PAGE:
Vagueness challenges not involving first amendment freedoms must be examined in light of the facts of the case at hand. U.S. v. Mazurie, 419 U.S. 544, 42 L.Ed.2d 706, 95 S.Ct. 710 (1975). This principle would appear to apply even though defendant argues only that the statute is unconstitutional on its face and does not argue in the alternative that it is unconstitutional as applied to him. The record reveals testimony that defendant performed engineering design work for buildings and machinery of the type unquestionably covered by the statute. There is also testimony that defendant represented to an engineer in his employ that he (the defendant) was an engineer. This conduct is unquestionably within the purview of Chapter 89.
There is a well-established presumption in favor of the constitutionality of an act of the Legislature, Mitchell v. Financing Authority, 273 N.C. 137, 159 S.E.2d 745 (1968); the courts will not declare a statute unconstitutional unless it is clearly so. Hobbs v. Moore County, 267 N.C. 665, 149 S.E.2d 1 (1966). Defendant has not met his burden of showing that the statute provides inadequate warning as to the conduct it covers or is incapable of uniform administration by the courts. Nor are we persuaded by defendant's argument that Chapter 89C, which re-defined "the practice of engineering", can be considered an admission by the Legislature that the former statute set forth inadequate guidelines. Defendant's assignment of error challenging the constitutionality of the statute under which he was convicted is overruled.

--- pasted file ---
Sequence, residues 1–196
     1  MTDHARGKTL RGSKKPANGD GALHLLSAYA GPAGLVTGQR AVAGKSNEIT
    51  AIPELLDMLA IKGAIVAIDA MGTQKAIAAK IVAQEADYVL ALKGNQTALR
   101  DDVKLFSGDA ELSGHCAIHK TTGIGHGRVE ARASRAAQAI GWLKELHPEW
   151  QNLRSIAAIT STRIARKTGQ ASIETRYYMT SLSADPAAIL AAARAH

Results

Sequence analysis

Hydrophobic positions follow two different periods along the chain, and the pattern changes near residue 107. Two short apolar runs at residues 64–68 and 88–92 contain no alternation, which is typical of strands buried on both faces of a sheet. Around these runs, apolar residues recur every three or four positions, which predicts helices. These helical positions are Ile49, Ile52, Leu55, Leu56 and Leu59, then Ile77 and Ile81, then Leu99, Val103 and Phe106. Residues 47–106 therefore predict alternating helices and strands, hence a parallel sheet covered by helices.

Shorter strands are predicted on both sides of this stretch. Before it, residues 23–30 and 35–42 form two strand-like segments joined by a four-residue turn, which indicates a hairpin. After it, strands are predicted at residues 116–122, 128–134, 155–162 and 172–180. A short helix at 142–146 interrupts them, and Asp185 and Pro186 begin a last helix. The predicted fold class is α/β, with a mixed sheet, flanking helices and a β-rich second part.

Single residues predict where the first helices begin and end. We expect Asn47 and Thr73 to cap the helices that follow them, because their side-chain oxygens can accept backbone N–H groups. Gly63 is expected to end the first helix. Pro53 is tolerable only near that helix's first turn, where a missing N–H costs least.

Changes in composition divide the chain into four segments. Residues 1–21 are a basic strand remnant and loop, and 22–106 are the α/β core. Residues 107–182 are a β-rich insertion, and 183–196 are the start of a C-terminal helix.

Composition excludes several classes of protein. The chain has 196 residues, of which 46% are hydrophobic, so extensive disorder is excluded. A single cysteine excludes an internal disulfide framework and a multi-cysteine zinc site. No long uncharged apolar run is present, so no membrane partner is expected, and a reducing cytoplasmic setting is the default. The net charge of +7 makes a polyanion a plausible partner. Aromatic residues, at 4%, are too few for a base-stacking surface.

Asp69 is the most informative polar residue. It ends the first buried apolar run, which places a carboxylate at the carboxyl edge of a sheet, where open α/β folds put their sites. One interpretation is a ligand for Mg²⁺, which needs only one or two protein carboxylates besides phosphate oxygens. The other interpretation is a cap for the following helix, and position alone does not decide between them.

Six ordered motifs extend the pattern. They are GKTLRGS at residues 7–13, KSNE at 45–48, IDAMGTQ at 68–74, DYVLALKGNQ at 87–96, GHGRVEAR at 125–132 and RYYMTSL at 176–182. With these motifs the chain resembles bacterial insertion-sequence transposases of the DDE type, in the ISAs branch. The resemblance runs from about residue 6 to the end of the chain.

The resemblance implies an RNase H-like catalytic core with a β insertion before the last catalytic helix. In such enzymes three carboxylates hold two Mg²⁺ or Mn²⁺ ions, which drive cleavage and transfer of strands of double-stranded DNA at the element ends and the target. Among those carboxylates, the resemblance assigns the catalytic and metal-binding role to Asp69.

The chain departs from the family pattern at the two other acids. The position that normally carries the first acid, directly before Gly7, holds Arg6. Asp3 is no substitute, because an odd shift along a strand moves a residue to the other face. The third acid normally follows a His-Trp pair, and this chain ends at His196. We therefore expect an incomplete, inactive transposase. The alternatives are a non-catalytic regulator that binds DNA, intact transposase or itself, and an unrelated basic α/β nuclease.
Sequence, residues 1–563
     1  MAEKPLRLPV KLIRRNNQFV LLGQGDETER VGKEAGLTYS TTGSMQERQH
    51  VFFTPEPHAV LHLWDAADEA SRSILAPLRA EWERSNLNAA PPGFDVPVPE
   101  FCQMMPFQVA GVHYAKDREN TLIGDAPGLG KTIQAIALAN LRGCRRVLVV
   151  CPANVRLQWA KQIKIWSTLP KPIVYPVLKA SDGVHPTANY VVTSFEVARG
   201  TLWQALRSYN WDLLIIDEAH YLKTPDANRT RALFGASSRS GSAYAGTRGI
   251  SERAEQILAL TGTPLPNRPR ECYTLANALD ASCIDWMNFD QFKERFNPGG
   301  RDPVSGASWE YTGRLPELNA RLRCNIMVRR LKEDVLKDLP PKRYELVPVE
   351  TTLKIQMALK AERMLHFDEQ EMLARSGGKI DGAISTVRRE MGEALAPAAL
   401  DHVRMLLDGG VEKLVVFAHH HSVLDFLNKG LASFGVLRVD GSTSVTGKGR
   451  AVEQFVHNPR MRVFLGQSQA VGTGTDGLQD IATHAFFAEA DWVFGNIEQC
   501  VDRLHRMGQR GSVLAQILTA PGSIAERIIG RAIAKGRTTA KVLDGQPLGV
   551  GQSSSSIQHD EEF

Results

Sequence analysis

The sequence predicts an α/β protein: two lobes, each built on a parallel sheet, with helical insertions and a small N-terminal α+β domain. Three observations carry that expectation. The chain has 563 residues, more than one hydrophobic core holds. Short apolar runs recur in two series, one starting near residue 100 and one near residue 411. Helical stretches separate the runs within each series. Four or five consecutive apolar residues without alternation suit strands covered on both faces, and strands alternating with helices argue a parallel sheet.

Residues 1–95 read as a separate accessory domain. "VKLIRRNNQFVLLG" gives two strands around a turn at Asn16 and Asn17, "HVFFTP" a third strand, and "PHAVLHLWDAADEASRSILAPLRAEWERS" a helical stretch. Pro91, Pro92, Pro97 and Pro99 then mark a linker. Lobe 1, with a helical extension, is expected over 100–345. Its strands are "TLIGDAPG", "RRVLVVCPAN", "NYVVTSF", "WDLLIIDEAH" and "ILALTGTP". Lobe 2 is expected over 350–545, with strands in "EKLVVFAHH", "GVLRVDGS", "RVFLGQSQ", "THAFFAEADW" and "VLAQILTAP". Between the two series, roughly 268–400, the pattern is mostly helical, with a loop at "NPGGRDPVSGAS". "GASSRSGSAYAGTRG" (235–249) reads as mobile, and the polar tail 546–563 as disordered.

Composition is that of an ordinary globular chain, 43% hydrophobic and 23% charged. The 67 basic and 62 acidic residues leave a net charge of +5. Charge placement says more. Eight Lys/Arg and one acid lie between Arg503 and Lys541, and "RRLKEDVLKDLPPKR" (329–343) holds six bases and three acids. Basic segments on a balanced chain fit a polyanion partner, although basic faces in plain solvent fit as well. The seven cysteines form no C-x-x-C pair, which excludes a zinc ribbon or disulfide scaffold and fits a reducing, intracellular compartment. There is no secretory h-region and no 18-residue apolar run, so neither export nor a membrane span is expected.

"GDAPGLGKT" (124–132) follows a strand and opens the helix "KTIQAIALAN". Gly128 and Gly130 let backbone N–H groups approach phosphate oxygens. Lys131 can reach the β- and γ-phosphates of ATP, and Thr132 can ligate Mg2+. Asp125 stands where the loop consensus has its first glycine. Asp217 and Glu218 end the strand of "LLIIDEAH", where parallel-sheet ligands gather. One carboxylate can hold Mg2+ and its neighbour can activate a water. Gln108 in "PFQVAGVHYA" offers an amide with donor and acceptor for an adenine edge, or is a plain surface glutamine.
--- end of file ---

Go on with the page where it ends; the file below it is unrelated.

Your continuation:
Defendant next assigns error to the admission into evidence at trial of the following: yellow pages from the 1975 Raleigh, North Carolina, telephone directory showing defendant's firm, H.C. Covington Associates, Inc. under listings for "Engineers-Consulting" and "Engineers-Industrial"; a page from the 1 March 1975 issue of Southern Lumberman containing an advertisement of the firm's engineering capabilities; a page from the 16 January 1975 Associated General Contractors Weekly Bulletin depicting the firm as having engineering capabilities; a list of the firm's active jobs dated 26 September 1974 containing the notation "Some jobs released by Mr. Covington without registered engineer's approval"; two pamphlets setting forth the firm's fees for performing engineering services; and a brochure promoting the firm's design engineering services. Defendant argues that this evidence dealt solely with the potential liability of H.C. Covington Associates, Inc. and was irrelevant to the defendant's individual liability. This contention is without merit.